Queen is the 'perfect person' to be made into a saint, says Roman Catholic peer Charles Moore

Though she was Supreme Governor of Church of England, the Queen 'clearly did possess the first of the two formal qualifications for sainthood'

Queen is the 'perfect person' to be made into a saint, says Roman Catholic peer Charles Moore
Queen Elizabeth II should be turned into ‘Saint’, demands Catholic peer (Geoff Pugh - WPA Pool /Getty Images)
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LONDON, UNITED KINGDOM: Roman Catholic peer Charles Moore has written a leading article in Spectator Australia, suggesting that the late Queen would be the perfect person to be turned into a saint if the UK were a Catholic country. For someone to become a saint, they must fulfil several requirements. According to BBC, someone can't normally become a saint until five years after their death.

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Moore, however, believes that the late 96-year-old monarch is the ‘perfect person’ to be given the honor.

As per Moore, while Queen Elizabeth was the Supreme Governor of Church of England, “She clearly did, however, possess the first of the two formal qualifications for sainthood, what the Church calls ‘heroic virtue. The second is to prove two miracles effected by intercession to the person concerned.”

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Moore wrote, “This can take time, but the world is already full of people who believe the late Queen cured them of this or that. As her cult grows, plenty of posthumous examples will come forward."

Moore wrote that the Church of England has an odd position on sainthood and only accepts pre-Reformation canonizations; it has has "never tried to add to their number (with one important and controversial exception – King Charles the Martyr)."

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"If it were minded to do so, this is its best possible moment to start. Admittedly, the person in all the world least likely to have approved of such a proceeding would have been Elizabeth herself. But then, the sort of person who wants to be a saint is the sort who must not be made one," Moore mentioned.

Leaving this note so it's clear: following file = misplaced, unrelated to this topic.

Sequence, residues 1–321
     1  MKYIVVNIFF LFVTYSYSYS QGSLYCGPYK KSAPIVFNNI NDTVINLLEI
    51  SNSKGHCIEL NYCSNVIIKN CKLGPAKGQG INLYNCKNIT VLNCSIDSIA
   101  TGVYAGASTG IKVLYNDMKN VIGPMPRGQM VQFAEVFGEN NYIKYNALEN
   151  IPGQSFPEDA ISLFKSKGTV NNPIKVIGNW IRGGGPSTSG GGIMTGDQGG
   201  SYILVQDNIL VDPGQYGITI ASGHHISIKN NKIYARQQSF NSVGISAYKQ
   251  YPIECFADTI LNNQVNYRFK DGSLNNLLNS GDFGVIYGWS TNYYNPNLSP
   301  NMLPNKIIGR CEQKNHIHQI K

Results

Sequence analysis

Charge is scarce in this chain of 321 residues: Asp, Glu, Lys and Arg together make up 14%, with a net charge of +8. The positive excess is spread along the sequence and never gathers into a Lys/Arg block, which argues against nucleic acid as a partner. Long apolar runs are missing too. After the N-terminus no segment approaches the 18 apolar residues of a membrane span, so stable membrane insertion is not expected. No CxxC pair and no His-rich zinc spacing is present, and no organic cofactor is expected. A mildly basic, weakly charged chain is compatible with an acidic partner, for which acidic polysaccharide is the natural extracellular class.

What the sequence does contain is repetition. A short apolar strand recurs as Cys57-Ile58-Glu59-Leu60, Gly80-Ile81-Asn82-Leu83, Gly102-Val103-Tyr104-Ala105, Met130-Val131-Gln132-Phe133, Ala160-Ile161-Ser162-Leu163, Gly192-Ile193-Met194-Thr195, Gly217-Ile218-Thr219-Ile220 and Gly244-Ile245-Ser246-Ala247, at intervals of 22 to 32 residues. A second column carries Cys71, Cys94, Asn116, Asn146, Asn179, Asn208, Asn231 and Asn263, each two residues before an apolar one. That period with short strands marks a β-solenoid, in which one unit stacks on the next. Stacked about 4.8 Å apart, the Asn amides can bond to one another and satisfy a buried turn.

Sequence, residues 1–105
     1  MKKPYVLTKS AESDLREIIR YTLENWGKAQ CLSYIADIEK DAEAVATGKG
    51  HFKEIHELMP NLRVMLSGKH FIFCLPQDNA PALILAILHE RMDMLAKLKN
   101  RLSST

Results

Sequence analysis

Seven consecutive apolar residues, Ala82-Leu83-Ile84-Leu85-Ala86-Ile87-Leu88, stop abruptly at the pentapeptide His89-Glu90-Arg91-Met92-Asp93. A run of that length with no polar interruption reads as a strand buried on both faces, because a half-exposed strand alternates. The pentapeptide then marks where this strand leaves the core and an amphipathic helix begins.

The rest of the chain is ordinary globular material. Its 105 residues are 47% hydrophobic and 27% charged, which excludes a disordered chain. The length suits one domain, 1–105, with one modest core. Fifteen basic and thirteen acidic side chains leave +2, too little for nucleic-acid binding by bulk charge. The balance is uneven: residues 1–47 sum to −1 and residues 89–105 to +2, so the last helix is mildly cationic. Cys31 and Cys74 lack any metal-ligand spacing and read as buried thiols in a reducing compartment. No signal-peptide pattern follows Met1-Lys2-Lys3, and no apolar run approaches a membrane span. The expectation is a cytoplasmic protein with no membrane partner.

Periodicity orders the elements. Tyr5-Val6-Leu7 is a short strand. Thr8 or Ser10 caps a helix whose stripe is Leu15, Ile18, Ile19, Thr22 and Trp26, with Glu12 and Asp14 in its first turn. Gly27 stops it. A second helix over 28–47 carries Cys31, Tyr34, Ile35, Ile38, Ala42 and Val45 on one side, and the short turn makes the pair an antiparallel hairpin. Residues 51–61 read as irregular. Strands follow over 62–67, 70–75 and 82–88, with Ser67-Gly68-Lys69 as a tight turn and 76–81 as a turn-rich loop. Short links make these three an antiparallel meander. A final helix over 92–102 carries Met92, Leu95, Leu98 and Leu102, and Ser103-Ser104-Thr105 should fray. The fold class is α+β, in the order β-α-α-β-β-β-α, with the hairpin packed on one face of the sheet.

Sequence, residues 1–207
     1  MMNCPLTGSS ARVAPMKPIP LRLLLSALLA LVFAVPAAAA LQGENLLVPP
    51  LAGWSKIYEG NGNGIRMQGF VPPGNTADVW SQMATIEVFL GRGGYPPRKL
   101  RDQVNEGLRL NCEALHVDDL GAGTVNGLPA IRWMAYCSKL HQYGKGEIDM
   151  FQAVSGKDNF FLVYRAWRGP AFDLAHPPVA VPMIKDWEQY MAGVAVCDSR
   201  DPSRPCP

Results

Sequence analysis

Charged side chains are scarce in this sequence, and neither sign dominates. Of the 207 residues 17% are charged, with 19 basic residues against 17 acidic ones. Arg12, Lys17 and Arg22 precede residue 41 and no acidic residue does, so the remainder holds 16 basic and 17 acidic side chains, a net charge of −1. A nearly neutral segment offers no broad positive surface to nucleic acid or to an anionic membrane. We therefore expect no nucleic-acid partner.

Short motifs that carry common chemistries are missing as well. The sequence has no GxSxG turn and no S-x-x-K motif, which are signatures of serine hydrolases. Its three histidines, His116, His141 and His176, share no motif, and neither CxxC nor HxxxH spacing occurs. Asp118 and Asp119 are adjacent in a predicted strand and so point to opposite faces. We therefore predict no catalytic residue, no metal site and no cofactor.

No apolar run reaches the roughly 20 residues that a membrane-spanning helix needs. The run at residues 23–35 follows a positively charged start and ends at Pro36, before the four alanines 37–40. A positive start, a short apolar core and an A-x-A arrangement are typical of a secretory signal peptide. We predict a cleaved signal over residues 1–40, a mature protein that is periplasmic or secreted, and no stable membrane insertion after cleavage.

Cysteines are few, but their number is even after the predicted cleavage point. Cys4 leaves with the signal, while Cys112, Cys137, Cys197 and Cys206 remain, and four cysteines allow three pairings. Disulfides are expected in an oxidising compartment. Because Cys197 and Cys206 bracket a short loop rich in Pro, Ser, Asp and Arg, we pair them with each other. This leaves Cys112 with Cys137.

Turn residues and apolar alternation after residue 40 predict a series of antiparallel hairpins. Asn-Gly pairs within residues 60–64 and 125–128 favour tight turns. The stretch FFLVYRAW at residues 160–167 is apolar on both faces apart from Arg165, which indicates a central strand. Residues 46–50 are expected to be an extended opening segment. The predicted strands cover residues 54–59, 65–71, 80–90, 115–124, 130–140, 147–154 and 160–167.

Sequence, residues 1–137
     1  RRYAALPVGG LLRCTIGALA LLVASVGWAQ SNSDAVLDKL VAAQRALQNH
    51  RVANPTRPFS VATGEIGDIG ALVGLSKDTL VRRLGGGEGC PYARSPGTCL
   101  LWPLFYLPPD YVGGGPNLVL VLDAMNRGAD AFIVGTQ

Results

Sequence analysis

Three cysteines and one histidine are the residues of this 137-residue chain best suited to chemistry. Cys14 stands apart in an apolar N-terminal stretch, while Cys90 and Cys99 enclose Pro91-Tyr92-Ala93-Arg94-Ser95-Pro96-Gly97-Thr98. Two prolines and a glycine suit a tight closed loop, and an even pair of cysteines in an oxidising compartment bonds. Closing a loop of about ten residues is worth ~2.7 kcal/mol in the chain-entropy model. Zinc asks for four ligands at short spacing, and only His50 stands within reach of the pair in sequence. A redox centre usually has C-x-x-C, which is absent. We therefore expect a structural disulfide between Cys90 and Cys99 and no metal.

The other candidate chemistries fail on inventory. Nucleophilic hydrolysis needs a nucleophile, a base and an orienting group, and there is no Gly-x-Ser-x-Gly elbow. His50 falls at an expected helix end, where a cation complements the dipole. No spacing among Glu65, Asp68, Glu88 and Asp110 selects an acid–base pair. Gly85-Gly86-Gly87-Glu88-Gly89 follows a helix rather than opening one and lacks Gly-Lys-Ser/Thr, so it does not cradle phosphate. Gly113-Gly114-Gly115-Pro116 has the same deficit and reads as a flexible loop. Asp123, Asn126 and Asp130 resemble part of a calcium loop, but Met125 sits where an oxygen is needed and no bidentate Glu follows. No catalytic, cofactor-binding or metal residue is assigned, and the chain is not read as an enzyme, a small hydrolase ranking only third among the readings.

He mentioned one example "where the Queen, after death, made a difference."

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"My cousin, Tom Oliver, has long suffered from exceptional anxiety about catching illnesses. He worked hard, usually successfully, in managing this, and leads an active, fruitful life; but his worry was worsened by Covid, particularly because he is diabetic and because he was engaged in major commitments which would burden his wife if he died or was incapacitated. Until this week, Tom had had almost no direct human contact, except with immediate family, for more than 29 months. He decided, however, that he really should witness the lying-in-state. He travelled up from rural Herefordshire, and queued among the crowds of thousands, for 15 hours, never sitting down. He reached Westminster Hall well after night had fallen, and viewed the coffin. Behold, he tells me, the wonderful experience of grace cast out his fear. He is left with its rational aspects, but finds that what he calls ‘the sense of irrational jeopardy’ has gone. He quotes the line from the hymn, ‘The prisoner leaps to loose his chains’," Moore wrote.

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